The Pathless Path: Why You Don't Have To Follow The Textbook Life Script

Embrace Your Rocky Road That Will Lead To A Life True To Yourself

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This week’s piece is a 7-min read.

I want to share three stories of my life:

The First Story

Ten years ago, two weeks after graduating from high school, at 19, I decided not to go to university right after the summer break.

I was about to pursue a Transportation Engineer degree to land a career in aviation - my greatest passion.

But right after graduation, I realized it wasn’t the path I wanted to take.

I wanted to pursue a career in aviation from a business approach instead of becoming an engineer.

I wanted to do a gap year, explore opportunities, work and choose the proper university degree.

My father was furious.

“You are going to completely fuck up your life now,” - he said.

I didn’t listen to him. Gladly.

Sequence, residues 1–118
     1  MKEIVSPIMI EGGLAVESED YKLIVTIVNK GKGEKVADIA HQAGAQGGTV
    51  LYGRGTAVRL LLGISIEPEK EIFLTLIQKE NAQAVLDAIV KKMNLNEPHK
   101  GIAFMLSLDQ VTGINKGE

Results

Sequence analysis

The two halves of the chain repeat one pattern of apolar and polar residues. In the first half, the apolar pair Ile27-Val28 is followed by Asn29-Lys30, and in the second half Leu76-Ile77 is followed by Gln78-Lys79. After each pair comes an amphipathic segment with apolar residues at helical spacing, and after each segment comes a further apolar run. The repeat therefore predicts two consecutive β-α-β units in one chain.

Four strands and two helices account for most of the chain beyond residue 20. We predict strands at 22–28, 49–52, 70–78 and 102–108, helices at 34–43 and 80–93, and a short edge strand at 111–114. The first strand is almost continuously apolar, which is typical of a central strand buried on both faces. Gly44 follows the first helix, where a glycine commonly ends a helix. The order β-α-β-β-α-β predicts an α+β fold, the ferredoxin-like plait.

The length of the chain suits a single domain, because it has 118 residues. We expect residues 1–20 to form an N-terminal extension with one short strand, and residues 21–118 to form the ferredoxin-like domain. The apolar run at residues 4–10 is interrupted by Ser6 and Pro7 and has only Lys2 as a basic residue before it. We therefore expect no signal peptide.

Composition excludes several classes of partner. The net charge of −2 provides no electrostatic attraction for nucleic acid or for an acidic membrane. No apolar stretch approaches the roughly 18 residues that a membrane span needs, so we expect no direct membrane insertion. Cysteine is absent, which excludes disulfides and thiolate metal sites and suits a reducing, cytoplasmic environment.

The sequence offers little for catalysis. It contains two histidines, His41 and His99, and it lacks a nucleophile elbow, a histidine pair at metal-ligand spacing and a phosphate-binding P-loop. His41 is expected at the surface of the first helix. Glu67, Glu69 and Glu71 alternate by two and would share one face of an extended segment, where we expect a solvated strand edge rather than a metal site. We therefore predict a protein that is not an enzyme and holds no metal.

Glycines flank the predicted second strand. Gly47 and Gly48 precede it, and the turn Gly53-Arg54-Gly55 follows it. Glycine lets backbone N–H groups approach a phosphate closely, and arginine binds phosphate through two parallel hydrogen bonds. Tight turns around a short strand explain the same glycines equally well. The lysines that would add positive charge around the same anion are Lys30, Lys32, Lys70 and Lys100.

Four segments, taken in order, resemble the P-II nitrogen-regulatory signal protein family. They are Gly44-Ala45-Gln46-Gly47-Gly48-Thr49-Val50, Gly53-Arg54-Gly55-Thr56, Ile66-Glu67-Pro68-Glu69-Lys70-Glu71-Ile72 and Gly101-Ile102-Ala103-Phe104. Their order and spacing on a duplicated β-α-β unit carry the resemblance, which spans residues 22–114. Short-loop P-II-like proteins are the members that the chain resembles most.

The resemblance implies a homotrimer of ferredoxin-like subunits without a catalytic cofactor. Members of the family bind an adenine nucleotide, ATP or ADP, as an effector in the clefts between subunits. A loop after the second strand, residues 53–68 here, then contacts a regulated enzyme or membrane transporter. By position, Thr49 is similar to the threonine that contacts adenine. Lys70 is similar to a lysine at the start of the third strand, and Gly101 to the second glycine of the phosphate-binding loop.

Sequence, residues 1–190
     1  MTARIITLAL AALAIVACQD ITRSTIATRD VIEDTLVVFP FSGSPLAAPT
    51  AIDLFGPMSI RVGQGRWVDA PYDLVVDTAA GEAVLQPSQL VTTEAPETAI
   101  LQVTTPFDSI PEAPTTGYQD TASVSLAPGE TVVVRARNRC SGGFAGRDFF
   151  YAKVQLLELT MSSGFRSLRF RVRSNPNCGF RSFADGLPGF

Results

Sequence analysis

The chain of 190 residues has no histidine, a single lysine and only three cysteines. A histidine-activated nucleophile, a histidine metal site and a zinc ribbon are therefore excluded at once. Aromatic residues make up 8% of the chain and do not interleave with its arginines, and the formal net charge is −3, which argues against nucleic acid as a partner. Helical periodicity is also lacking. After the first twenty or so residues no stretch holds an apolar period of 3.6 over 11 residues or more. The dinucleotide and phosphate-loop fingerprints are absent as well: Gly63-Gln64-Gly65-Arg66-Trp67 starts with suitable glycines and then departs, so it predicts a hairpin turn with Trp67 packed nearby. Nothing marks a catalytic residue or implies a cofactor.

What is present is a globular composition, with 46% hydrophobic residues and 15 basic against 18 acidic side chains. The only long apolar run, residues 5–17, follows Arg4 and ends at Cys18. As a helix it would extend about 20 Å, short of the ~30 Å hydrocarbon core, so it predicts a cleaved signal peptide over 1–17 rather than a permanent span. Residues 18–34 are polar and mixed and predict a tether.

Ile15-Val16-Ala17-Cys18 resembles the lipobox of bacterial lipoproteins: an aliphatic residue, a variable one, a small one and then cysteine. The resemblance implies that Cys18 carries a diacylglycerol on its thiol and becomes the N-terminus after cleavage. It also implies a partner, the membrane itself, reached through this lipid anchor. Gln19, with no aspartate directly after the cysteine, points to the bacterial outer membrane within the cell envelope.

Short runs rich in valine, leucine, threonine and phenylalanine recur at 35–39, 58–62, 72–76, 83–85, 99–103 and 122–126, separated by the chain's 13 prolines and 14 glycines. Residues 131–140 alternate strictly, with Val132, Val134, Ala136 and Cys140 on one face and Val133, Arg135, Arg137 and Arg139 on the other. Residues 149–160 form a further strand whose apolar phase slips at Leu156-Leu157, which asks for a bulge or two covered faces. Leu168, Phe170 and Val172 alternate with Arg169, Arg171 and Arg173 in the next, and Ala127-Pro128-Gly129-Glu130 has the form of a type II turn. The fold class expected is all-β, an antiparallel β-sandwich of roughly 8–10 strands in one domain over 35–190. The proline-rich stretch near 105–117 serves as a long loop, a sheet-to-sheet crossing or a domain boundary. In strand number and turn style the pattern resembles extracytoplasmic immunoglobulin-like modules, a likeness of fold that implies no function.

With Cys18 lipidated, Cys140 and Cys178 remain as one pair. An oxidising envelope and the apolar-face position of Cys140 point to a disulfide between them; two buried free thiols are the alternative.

As he didn’t give me any valuable life lessons or advice in my teenage years, I didn’t care about his opinion.

I had a solid determination to follow my own path.

The Second Story

In April 2017, I was living in London and doing two bachelor's at the same time - in London and Budapest.

My life was quite miserable.

At 22, I was struggling with a "quarter-life crisis."

I realized that I didn't want to continue the university in London, despite its high prestige, the teaching quality, and the fantastic group of friends I had there.

I wanted to drop out and leave London to start my career in aviation.

A few weeks later, I had a breakup. It was a tough one that kinda broke me.

But it just embraced me to move forward.

After a month of intensive exams at both universities in the two cities, dealing with the breakup and with my mental health, I broke the news to my family:

I would be leaving London while seeking an entry-level job somewhere in aviation and travel.

My family did an intervention for me.

Something like the guys did in How I Met Your Mother.